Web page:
Most of the older residents of Bicester will remember Alf Evans’ department store at 34, 36 and 38 Sheep Street, opposite Evans Yard, which first opened in early 1918. All types of clothing, shoes, haberdashery, menswear, toys, material and wool were sold there. But Alf originally started the business in 1902 with two shops on the opposite side of the road, at 29 and 31 Sheep Street, one either side of what would become known as Evans Yard.
Robert Alfred “Alf” Evans started his working life in 1890, at the age of 12, when he began working in the grocery shop that his father, John Wesley Evans, opened at 40 Sheep Street in 1886. Then, in the early 1900s, he would walk to most villages in the area, and regularly cycled to London and back, to collect special orders for clothes, which he brought back in a basket. That kickstarted his own retail business.
The drapers shop was a thriving business for many years. Local women used to put by a certain amount of wool and collect it periodically to knit clothes for their families. Nearly all jumpers were hand knitted in those days. He also supplied material for dress making. The company also went in for promotions and advertising in a big way, staging fashion shows in the Methodist Hall in the 1950s and using their retail staff to model clothes for adverts.
The department store was split over two floors and had two entrance doors. Between the doors were three smart glass display cases that made up the famous display arcade that features so prominently in all his advertising at the time. There were a few shops in Sheep Street with similar arcades.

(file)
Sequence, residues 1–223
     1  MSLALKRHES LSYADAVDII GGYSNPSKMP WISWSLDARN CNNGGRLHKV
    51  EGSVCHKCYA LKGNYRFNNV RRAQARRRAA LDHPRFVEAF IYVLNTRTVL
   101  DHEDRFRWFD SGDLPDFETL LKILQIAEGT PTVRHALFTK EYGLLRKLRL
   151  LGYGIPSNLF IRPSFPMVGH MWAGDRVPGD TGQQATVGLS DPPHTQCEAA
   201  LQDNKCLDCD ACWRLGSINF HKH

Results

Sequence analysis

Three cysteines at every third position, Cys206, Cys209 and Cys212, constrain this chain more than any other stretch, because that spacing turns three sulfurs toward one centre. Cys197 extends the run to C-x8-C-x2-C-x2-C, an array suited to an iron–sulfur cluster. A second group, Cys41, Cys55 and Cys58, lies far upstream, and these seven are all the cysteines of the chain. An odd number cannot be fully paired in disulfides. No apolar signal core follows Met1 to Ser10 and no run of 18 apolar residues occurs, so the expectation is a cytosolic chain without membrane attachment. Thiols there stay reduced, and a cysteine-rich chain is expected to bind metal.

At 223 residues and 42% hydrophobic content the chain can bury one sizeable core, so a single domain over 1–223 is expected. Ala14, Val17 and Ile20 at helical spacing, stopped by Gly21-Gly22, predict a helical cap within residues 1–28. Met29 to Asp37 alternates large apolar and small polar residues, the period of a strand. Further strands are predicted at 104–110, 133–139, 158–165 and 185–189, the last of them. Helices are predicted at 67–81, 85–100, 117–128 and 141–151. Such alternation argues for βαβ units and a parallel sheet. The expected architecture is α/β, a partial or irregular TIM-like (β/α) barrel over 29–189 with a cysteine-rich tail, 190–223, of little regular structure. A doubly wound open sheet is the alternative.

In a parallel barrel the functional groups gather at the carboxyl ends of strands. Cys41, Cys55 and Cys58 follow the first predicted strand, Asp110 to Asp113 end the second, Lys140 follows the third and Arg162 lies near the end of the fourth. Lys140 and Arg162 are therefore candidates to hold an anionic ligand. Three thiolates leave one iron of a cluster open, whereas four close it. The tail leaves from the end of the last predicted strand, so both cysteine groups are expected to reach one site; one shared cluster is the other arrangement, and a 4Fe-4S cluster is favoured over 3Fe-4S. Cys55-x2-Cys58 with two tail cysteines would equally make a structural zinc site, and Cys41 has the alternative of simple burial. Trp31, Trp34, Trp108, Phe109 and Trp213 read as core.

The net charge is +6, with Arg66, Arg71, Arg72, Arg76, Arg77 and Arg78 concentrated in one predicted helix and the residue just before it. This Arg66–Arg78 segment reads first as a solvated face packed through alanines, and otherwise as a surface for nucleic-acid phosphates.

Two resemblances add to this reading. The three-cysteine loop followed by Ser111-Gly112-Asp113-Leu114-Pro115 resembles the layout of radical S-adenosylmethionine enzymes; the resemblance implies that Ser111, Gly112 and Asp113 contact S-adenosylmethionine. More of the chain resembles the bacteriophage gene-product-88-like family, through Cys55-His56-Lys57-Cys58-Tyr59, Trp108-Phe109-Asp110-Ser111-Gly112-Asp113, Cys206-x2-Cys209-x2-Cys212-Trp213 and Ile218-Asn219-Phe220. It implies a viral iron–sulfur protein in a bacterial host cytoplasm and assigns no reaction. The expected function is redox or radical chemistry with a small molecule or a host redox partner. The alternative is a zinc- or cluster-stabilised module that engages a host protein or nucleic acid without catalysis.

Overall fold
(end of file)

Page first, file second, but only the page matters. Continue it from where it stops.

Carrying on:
After Alf died in 1956 his son, John, took over the shop and it was reorganised. By 1965 front doors had been moved forward to enclose the arcade and increase the interior space.
When John died in 1971 his son, Henry, became the third generation to run the business. But, in 1981, the department store closed and the menswear section reopened in a new shop on Market Hill, where Hiltons shoe shop had been for many years and where Connell estate agents now stands.
The whole Evans family were a big part of Bicester’s life throughout the 20th century. Not just in their retail business and employment opportunities, but also in various social and charitable activities. Alf’s wife, Nellie, even got involved in some projects, such as the open air swimming pool that opened in 1933, of which she was one of the driving forces.